South San Francisco's Greek History

Written by Mesurs. Chris and Tony Gellepis, c. 1985

Greek Immigration
It was during the years just before World War I that the Greeks began to arrive in South San Francisco, each family lured by the enthusiastic letters of the immigrants who had preceded them, reluctantly departing their impoverished land for the promise of better employment opportunities, just as the Irish had done before them. In South City they mingled with other ethnic groups, particularly the Spanish, Portuguese and Italians, many of whose descendants still flavor the town. And because the Great Depression was still some years away, the Greek immigrants were able to find jobs with the established industries, most of which have long since departed: companies like Enterprise Foundry, Western Pipe, Edwards Wire Rope, and Bethlehem Steel, as well as the meat processing plants like Western Meat.

Greek Restaurants
But many of the more ambitious Greek arrivals, not content to work for others, opted instead for the small businesses that make up a town, establishments like dry cleaners, groceries and bars, but above all, restaurants. They established, in fact, four Greek operated restaurants on Grand Avenue alone; this in a town of less than five thousand residents. Pete’s Place was hosted by Pete and Catherine Dress and lasted into the fifties; the Bay City Grill, whose proprietor was George Davanis, was a landmark for years; The Depot Café was another, owned by George Zamboukos; the Grand Café was co-owned by Steve Balopulos and Andrew Gellepis. Balopolus also operated cafeterias at Mills Field, Bethlehem Steel, and Western Pipe.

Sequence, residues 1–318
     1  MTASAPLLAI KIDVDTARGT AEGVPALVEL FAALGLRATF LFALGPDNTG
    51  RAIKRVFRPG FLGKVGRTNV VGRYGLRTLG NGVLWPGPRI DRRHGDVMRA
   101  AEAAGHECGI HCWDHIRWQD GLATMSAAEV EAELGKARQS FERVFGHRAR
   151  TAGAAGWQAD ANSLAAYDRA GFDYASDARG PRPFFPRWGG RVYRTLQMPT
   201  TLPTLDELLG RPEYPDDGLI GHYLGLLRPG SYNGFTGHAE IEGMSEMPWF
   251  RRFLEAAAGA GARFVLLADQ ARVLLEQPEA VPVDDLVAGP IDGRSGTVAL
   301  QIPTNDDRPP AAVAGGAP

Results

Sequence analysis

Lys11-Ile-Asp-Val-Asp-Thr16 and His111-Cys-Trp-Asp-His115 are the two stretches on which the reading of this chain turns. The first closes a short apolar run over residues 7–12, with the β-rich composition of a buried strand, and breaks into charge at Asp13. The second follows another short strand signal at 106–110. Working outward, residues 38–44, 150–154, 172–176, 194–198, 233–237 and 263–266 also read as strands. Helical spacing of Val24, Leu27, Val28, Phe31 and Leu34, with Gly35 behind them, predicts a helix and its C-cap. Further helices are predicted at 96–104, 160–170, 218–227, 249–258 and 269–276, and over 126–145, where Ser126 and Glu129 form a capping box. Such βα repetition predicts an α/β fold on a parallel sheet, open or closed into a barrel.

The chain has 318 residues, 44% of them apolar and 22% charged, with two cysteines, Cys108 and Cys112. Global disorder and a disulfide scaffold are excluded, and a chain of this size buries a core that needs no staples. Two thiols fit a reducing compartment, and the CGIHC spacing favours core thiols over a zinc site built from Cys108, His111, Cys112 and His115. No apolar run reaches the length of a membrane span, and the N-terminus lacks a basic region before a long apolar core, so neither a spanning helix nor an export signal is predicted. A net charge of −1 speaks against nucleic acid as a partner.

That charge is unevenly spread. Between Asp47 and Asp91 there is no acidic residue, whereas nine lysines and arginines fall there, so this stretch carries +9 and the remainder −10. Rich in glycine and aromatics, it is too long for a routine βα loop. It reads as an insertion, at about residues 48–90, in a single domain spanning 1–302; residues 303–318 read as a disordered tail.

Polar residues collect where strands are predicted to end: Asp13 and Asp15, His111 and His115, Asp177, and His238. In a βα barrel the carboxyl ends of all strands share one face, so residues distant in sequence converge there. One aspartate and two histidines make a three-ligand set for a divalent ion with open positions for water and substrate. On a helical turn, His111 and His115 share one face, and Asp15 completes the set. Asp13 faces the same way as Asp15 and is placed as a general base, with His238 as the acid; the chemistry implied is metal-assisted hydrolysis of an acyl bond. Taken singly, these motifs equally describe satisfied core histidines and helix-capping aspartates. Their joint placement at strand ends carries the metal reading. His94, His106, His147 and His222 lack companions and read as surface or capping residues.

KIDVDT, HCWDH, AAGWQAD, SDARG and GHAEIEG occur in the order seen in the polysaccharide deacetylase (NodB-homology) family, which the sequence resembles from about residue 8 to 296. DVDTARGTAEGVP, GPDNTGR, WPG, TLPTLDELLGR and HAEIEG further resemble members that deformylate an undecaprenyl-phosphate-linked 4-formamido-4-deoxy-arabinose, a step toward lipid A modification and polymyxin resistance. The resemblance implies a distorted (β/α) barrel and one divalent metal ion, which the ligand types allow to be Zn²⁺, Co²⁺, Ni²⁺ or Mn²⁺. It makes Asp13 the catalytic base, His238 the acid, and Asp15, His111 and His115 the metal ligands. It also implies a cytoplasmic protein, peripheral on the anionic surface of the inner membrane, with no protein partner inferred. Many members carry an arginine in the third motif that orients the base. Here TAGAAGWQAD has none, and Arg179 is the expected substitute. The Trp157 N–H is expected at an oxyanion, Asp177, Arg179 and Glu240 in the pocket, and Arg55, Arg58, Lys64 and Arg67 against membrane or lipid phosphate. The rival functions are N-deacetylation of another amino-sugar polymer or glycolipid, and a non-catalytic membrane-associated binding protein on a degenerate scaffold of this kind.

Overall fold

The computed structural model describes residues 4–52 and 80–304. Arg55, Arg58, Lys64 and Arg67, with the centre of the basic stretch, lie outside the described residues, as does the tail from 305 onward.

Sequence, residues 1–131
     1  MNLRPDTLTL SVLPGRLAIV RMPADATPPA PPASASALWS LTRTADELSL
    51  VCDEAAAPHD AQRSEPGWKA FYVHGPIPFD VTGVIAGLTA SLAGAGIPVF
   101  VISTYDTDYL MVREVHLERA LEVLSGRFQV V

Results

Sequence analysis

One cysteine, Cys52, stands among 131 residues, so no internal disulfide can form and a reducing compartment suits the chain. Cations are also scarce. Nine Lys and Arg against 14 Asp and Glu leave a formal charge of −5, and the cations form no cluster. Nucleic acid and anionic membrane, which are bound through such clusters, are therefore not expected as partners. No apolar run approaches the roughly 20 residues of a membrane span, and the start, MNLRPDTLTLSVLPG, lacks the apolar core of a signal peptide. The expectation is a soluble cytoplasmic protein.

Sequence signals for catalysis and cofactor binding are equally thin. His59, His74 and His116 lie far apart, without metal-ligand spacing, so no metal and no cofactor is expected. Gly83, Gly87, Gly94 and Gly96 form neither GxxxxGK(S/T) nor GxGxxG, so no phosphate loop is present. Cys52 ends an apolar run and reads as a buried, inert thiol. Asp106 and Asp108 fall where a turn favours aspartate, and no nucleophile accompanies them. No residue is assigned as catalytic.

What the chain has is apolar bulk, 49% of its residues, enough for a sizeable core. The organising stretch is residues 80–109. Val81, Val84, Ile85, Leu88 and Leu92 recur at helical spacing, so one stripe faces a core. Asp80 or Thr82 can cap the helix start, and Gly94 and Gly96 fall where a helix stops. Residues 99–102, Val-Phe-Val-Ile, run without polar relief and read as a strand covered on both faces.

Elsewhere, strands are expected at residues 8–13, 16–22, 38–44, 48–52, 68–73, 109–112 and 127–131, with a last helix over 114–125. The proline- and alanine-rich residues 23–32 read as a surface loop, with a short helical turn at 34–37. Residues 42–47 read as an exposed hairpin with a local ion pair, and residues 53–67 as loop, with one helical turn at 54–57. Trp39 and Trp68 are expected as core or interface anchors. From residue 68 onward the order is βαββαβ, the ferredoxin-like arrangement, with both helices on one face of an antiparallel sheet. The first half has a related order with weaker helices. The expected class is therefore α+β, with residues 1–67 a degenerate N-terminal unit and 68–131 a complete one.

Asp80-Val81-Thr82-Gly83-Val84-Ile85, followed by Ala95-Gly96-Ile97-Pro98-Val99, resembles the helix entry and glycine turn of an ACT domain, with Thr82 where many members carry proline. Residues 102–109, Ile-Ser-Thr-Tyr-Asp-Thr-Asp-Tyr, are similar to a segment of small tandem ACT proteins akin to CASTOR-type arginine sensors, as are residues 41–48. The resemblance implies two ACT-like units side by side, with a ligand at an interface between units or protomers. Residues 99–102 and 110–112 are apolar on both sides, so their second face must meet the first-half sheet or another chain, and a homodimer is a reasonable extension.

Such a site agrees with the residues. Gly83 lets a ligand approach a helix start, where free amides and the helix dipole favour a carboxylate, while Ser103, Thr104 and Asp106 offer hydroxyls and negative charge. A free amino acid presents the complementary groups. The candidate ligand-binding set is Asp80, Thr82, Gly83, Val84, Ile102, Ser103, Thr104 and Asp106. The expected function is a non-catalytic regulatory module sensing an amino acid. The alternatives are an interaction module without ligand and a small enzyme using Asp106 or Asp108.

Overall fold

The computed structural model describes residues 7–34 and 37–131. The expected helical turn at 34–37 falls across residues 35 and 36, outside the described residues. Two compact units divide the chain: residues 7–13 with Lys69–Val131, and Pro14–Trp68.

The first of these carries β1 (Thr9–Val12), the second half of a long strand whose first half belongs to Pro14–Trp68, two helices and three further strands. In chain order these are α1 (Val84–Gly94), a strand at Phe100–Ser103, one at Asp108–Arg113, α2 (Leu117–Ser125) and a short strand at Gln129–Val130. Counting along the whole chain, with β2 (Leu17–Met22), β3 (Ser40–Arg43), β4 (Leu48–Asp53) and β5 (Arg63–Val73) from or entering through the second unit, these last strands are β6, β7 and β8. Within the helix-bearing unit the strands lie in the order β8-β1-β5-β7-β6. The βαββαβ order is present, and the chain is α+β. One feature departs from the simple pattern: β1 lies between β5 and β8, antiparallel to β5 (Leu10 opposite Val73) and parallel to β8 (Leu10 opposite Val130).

Other Thriving Greek Businesses
The Superior Steam Landry, in an era of limited washing machines, located at the intersection of Grand Avenue and Old Bayshore Highway, was owned by James Nicolopulos, father of current city councilman Gus. He also owned and operated the Oxford Hotel, an ex-military barracks in Vallejo which, declared surplus there, was shipped by barge to South City in order to provide shelter for the industrial city’s workers. Now long gone, the site is currently occupied by Bertolucci’s Restaurant.

Another thriving business of the period was the Golden Eagle Hotel and Bakery, operated by Jim Gellepis. While the upstairs rooms were used to provide even more accommodations for the town’s growing labor force, the downstairs area, complete with a large brick oven, was used to produce a tasty Greek version of French bread. Baking began in the early hours, with only the dough mixing done by machine. Not only Mrs. Gellepis, but the children – Tony, Chris and Sophie – were enlisted to coax the dough into shape. With daylight, the loaves were loaded into the Gellepis’ panel truck, a 1925 Dodge, and as was demanded by customers in those days, delivered house to house to each doorstep.

Greek Customs
Determined to cling to their culture and fiercely proud of their ancestry, the immigrants followed their old country customs as much as possible, insisting their children learn and recite the epic poems of their forebears, even starting a supplemental Greek language school for them, one that operated for a few hours each week. For a teacher they employed one Nicholas Trangas, an attaché at the Greek consulate in San Francisco. Over the years, classes were held at several locations, including Fraternal Hall, as well as Martin Primary School.